On the 40th Anniversary of D-Day, I was at Slapton Sands and heard the story of a fisherman who had been having his nets fouled by an underwater obstacle. He sent a diver to find out why, and discovered it was a WWII tank. The fisherman bought the tank from the U.S. and had it salvaged. On the day I arrived at Slapton Sands the tank was repainted and on a concrete pedestal. There were crowds of people there to see the tank, when they found out I was an American Solider they talked with me and expressed their appreciation to me for the U.S. effort in WWII. It was gratifying, that after 40 years, someone appreciated and remembered our participation.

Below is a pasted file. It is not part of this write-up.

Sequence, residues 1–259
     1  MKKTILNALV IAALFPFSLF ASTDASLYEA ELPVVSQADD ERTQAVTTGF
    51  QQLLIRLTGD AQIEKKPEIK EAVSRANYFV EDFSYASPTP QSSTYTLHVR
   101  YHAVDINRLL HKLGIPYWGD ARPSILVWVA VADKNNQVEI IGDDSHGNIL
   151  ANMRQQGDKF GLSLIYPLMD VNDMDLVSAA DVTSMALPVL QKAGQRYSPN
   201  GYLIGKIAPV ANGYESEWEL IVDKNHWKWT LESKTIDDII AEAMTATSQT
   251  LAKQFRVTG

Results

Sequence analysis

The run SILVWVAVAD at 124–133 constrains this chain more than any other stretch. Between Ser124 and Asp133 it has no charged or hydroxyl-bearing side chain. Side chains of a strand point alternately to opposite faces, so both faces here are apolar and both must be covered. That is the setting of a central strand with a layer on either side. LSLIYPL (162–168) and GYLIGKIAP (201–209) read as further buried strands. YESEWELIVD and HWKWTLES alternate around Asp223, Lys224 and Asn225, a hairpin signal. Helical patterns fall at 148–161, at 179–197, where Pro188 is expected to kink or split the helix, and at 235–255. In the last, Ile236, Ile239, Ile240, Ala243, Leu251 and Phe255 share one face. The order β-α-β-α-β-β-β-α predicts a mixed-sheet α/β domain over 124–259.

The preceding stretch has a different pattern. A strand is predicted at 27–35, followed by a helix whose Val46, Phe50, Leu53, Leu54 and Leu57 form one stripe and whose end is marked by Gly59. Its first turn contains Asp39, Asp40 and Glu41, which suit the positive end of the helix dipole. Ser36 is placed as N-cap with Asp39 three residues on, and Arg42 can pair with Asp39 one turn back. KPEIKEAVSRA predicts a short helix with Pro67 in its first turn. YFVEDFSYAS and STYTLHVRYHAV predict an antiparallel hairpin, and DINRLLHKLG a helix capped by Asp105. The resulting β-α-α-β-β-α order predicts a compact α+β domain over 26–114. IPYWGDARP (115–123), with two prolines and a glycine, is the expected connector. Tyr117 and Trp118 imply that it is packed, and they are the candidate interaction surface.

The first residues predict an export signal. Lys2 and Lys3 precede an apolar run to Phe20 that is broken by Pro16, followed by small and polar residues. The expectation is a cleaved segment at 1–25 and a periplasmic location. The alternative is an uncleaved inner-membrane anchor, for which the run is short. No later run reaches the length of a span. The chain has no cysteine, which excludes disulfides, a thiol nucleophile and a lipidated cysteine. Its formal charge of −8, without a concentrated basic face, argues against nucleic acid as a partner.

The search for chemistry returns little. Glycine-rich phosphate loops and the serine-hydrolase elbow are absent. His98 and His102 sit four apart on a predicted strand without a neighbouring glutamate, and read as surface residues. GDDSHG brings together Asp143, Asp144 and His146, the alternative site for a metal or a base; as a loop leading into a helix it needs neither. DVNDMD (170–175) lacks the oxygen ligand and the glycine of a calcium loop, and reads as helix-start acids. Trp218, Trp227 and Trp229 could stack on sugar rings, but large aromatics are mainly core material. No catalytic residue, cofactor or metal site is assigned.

In civilian life you get dressed, eat breakfast, go to work, have lunch, work some more, go home, have dinner then relax and read, watch TV, listen to the radio, and finally go to bed. To compare a day in civilian life with D-Day: first, getting dressed - my uniform was chemically impregnated, I put on underwear, wool trousers, shirt, combat boots, field jacket, raincoat, along with 2 canteens of water, my pistol belt with pistol and ammo clips, and also a first aid packet. PLUS, a musset bag with cans of C-Rations, K-Rations, D-Rations, 2 changes of socks and underwear, cigarettes and candy bars, chewing gun, map case with maps, various types of documents, gas mask and steel helmet. After a breakfast of scrambled eggs, bacon and coffee, around 4 AM, I started my day. First I checked with the Battalion CO, and then I rode to work in a landing craft for a day on the beach, wading through a swamp, dodging enemy fire, climbing a hill, finding a safe place to work and sleep. After all this was done, I opened my canned food C-Rations, hash and biscuits, and coffee, the first I had eaten since my apple and breakfast. We had a few small Coleman stoves so I heated the hash and water for coffee. This was about 6 PM. Then I rested in a fox hole behind a hedge row trying to go to sleep